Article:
Program

PO1-7-20

Developing a visual learning tool to aid the studying of antimicrobial spectrum of activity

[Speaker] Gagani Athauda:1
[Co-author] Rebecca L Toonkel:2, Sanaz B Kashan:2
1:Cellular Biology and Pharmacology, Herbert Wertheim College of Medicine, Florida International University, USA, 2:Department of Humanities, Health, and Society, Herbert Wertheim College of Medicine, Florida International University, USA

Background: As a general principal in antimicrobial therapy, the goal is to administer an antibiotic with the narrowest spectrum of activity that would be capable of affecting a particular microorganism when the identity is known. But in many cases, patients are treated empirically with an antimicrobial which has a broad spectrum of activity until the laboratory results identify the pathogenic microorganism. Therefore it is fundamental to have the knowledge of antibiotics' spectrum of activity when treating infectious diseases. One of the main areas of difficulty for teaching and learning antimicrobial pharmacology is mastering the spectrum of activity of antimicrobial drugs. We aim to remedy this and strengthen the knowledge of antimicrobial pharmacology needed for the treatment of infectious diseases.

Methods: We have developed a visual tool to aid in mastering the spectrum of antimicrobial drugs. This tool focuses on most commonly used antimicrobials drugs and/or antimicrobials used for the treatment of serious infections. It uses color bars to show the spectrum of activity of a drug that would affect different genres of microorganism. This visual tool is incorporated to a series of short recorded videos which serves as self-study preparatory material as well as to the large group case based discussions. Students' performance related to the antimicrobial spectrum of activity is assessed using in-house and or NBME MCQ's during multiple courses in P1 and P2 and a grading rubric developed by the faculty in P3.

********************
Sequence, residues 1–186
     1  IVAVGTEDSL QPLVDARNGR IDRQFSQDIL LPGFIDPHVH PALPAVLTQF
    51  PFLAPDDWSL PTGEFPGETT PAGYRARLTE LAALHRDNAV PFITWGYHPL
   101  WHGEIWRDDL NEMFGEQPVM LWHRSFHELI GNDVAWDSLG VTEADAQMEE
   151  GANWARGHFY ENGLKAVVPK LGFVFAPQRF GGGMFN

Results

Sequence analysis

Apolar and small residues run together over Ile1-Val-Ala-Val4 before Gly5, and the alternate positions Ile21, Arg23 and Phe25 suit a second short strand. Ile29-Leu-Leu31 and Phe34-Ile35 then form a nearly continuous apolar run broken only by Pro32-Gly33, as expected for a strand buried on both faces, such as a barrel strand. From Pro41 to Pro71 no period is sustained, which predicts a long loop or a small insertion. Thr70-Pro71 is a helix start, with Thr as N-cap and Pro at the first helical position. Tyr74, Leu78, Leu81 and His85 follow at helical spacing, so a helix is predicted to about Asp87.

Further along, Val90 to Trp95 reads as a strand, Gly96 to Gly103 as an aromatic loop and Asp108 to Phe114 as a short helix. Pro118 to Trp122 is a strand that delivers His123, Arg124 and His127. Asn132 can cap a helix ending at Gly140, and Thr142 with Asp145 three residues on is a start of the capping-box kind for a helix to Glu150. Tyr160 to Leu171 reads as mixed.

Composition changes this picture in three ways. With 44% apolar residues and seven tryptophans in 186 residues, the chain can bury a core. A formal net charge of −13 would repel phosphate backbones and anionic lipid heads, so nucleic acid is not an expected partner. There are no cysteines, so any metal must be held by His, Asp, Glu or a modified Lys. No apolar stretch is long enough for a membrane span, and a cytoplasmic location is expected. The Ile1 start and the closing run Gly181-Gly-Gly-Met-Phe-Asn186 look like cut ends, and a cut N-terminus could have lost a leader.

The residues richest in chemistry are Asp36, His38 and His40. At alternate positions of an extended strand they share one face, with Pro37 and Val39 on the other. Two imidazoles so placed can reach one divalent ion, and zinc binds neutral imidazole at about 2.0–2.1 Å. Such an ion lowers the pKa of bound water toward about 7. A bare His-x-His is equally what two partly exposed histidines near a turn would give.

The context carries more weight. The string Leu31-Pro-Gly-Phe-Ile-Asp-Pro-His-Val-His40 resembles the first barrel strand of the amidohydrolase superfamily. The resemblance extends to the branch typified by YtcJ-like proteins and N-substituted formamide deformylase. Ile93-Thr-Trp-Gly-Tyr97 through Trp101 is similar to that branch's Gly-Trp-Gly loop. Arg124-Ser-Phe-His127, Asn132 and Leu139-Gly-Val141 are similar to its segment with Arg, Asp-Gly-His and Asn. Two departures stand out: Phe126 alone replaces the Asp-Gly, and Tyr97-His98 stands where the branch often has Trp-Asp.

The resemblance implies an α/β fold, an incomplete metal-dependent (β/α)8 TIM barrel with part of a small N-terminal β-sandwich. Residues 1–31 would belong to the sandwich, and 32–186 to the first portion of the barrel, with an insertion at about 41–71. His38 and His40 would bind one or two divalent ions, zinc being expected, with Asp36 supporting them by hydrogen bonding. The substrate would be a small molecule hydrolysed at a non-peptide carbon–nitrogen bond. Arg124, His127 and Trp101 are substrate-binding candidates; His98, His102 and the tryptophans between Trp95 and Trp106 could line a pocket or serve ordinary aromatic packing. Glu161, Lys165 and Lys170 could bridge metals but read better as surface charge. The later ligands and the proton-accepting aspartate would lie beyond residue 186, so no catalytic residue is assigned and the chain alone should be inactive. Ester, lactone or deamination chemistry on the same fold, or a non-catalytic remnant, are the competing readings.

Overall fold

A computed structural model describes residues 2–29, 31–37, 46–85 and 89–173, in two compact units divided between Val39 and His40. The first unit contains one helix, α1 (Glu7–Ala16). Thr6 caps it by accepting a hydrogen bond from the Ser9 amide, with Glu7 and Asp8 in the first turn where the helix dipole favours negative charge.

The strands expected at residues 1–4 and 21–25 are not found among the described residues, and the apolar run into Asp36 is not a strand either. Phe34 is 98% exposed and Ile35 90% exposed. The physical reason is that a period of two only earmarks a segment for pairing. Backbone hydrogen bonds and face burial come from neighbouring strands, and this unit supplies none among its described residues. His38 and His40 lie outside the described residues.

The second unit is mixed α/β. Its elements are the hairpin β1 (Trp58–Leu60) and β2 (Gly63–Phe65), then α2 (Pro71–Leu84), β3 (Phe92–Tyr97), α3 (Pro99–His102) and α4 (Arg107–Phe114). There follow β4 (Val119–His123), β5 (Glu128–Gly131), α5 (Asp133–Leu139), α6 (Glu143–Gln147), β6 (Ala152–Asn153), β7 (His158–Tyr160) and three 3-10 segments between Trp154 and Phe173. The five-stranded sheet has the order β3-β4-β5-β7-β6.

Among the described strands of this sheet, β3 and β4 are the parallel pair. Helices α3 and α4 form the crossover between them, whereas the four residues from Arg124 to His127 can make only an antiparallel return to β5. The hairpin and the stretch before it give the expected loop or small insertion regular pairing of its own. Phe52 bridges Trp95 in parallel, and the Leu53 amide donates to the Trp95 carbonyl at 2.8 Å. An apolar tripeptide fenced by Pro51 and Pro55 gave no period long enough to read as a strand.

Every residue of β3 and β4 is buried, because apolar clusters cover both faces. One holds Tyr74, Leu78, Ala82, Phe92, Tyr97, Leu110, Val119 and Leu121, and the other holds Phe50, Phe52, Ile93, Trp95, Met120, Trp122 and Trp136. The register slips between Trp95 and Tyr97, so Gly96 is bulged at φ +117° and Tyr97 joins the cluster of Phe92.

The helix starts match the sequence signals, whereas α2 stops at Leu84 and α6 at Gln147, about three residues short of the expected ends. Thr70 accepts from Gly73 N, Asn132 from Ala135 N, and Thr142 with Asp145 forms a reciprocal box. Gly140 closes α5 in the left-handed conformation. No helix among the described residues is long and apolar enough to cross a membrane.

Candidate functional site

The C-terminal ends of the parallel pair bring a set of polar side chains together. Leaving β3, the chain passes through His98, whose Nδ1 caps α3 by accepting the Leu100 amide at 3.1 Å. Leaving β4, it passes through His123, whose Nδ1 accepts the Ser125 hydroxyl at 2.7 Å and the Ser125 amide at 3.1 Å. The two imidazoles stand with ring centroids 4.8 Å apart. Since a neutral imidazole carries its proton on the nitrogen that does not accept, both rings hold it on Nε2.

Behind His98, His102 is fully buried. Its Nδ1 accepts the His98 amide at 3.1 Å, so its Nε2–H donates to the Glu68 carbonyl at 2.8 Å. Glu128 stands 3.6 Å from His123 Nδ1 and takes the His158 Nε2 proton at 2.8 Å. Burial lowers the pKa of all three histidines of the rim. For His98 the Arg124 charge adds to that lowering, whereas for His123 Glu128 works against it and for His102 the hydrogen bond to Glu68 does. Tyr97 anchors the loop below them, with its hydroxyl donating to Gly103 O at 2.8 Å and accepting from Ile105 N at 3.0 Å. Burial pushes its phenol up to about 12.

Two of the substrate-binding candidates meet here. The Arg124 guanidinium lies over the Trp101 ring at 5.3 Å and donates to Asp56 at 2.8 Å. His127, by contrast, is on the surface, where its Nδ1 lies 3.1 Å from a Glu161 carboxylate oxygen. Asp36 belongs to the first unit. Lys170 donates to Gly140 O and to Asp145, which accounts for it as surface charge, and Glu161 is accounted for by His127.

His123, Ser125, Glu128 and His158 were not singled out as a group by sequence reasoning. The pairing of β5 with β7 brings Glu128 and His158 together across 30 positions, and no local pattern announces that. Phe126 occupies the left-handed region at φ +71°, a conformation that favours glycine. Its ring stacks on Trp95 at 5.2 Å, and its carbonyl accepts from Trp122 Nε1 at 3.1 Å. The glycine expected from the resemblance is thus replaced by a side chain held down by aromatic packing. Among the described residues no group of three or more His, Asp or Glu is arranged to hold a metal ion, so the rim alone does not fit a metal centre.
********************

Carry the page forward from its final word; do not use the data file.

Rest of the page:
Results: Outcome measures of the intervention are assessed at P2-P3 interface (pre-clinical students about to enter clinical clerkships) and P4-residency interface (students about to graduate medical school). Assessments consist of USMLE style MCQ's to assess antimicrobial spectrum of activity and a short survey using a 5-point Likert scale to assess perception of confidence in the subject matter.

Conclusions: Developing a visual learning tool to aid the studying of antimicrobial spectrum of activity will equip the pre-clinical students entering the clinical clerkships and 4th year medical students entering residency training to build their confidence and knowledge of antimicrobial spectrum of activity as well as strengthen the knowledge for rational prescribing of antimicrobials in treating infectious diseases.

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